Some sources say methane has doubled since the industrial age began in 1750, others say it has increased by 150%. Studies in ice cores show current methane levels are higher than at any time during the past 400,000 years.

Some scientific studies, done by Dickinson, Cicerone, and Ramanathan, estimate the heating impacts of methane in the atmosphere to be about half the amount generated by carbon dioxide. Others say methane is responsible for only 20% of global warming. The question is made more complicated by the fact that fossil fuel burning, the major source of CO2, also emits pollution particles that cool the Earth at the same time. More on this later.

Methane is recognized by the Kyoto Protocol as a greenhouse gas that needs to be controlled. Since methane is at least 20 times more powerful than CO2, removing 1 ton of methane is as good as removing 20 tons of CO2.


Methane is produced naturally on the planet from a variety of sources. Some rises from the Earth itself through mud volcanoes. The science of Earth bound methane is not fully understood yet.

We do understand how methane is produced by the plant world. When plant material rots without oxygen around, different bacteria are involved. That's called anaerobic decomposition - which means without air. For example, when plant matter decomposes under a wet swamp - it produces methane. The same can happen under permanently frozen ground, permafrost. Wetlands are the largest source of natural methane, about 76% of Nature's production of the gas comes from them. Tropical wetlands are a key factor.

Recent research from the Max Planck Institute in Germany has shown that plants also produce some methane during photosynthesis. So forests and grasslands make some methane, but that greenhouse gas is thought to be less than the total carbon dioxide warming potential consumed by plants, leaving forests as greenhouse gas reducers, or sinks. More science remains to be done on this balance.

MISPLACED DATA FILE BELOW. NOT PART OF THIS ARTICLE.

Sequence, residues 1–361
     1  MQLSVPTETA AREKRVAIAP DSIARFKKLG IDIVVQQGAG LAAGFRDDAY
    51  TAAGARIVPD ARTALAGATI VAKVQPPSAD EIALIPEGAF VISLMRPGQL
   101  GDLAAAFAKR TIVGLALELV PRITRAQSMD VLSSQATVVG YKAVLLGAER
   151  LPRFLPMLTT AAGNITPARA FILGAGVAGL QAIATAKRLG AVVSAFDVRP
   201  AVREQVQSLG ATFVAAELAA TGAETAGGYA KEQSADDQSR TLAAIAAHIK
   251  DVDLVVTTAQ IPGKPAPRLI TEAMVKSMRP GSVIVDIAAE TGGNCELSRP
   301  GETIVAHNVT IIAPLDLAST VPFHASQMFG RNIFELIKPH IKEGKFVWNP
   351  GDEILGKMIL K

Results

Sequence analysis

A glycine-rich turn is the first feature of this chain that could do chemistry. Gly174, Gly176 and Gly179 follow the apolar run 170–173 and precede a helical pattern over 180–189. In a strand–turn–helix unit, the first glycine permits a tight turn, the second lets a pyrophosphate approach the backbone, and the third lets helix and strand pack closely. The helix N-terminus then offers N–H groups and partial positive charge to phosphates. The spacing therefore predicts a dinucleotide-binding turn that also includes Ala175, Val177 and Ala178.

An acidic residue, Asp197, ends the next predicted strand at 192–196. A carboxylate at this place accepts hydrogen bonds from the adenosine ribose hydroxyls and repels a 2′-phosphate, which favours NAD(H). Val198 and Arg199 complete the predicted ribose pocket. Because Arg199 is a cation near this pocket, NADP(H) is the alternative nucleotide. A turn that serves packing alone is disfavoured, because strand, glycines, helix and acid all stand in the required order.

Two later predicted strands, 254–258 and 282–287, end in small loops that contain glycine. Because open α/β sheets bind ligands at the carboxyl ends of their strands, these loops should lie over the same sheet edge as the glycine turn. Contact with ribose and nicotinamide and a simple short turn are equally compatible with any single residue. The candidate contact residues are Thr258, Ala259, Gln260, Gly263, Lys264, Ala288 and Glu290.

The oceans, lakes, and soils also emit some methane. Termites, and some ruminating animals, such as cows, produce methane. There is another worrying collection of methane gas trapped in ice on the ocean floor. This is called methyl hydrate. If the oceans warm too much, this methane-laden slush could melt, releasing bubbles of global warming gases to the surface. There is some evidence this is already happening.

Climate change may also release more methane, by heating up the permafrost in Siberia and Northern Canada. Recent research shows five times more methane coming from Siberia than previously thought.

But more than half of all methane rising into the atmosphere comes from human-related activities. The 2001 report of the Intergovernmental Panel on Climate Change, the IPCC, estimated that 60% of methane comes from our agriculture, industry, and waste. Humans are the biggest single source of methane.

In North America and Europe, the largest single source of methane comes from landfills, where our consumer waste decomposes under soil, without enough air. All our packaging, food waste, and industrial waste produces more global warming gases. If we reduce waste, we reduce climate change. In 2002, the United States EPA calculates that American landfills produced methane equavalent to 131 million metric tonnes of CO2.

Cattle, sheep produce methane in their stomachs as they digest plant material. Despite jokes about "farts" - these animals release methane through their noses. The EPA figured 114 million metric tonnes of CO2 equivalent came from methane produced by agricultural animals. But animal manure, especially from pigs, also produces prodigious amounts of methane, namely 39 million metric tonnes equivalent of CO2. If we add these two figures, American factory farms for meat production were responsible for 153 million metric tonnes equivalent of CO2 - more than landfills, and the largest single source of methane in the United States. Vegetarians argue a simple change of diet could stop the largest source of methane greenhouse gas, and we'll get to that argument in a separate program, called "The Methane Fix".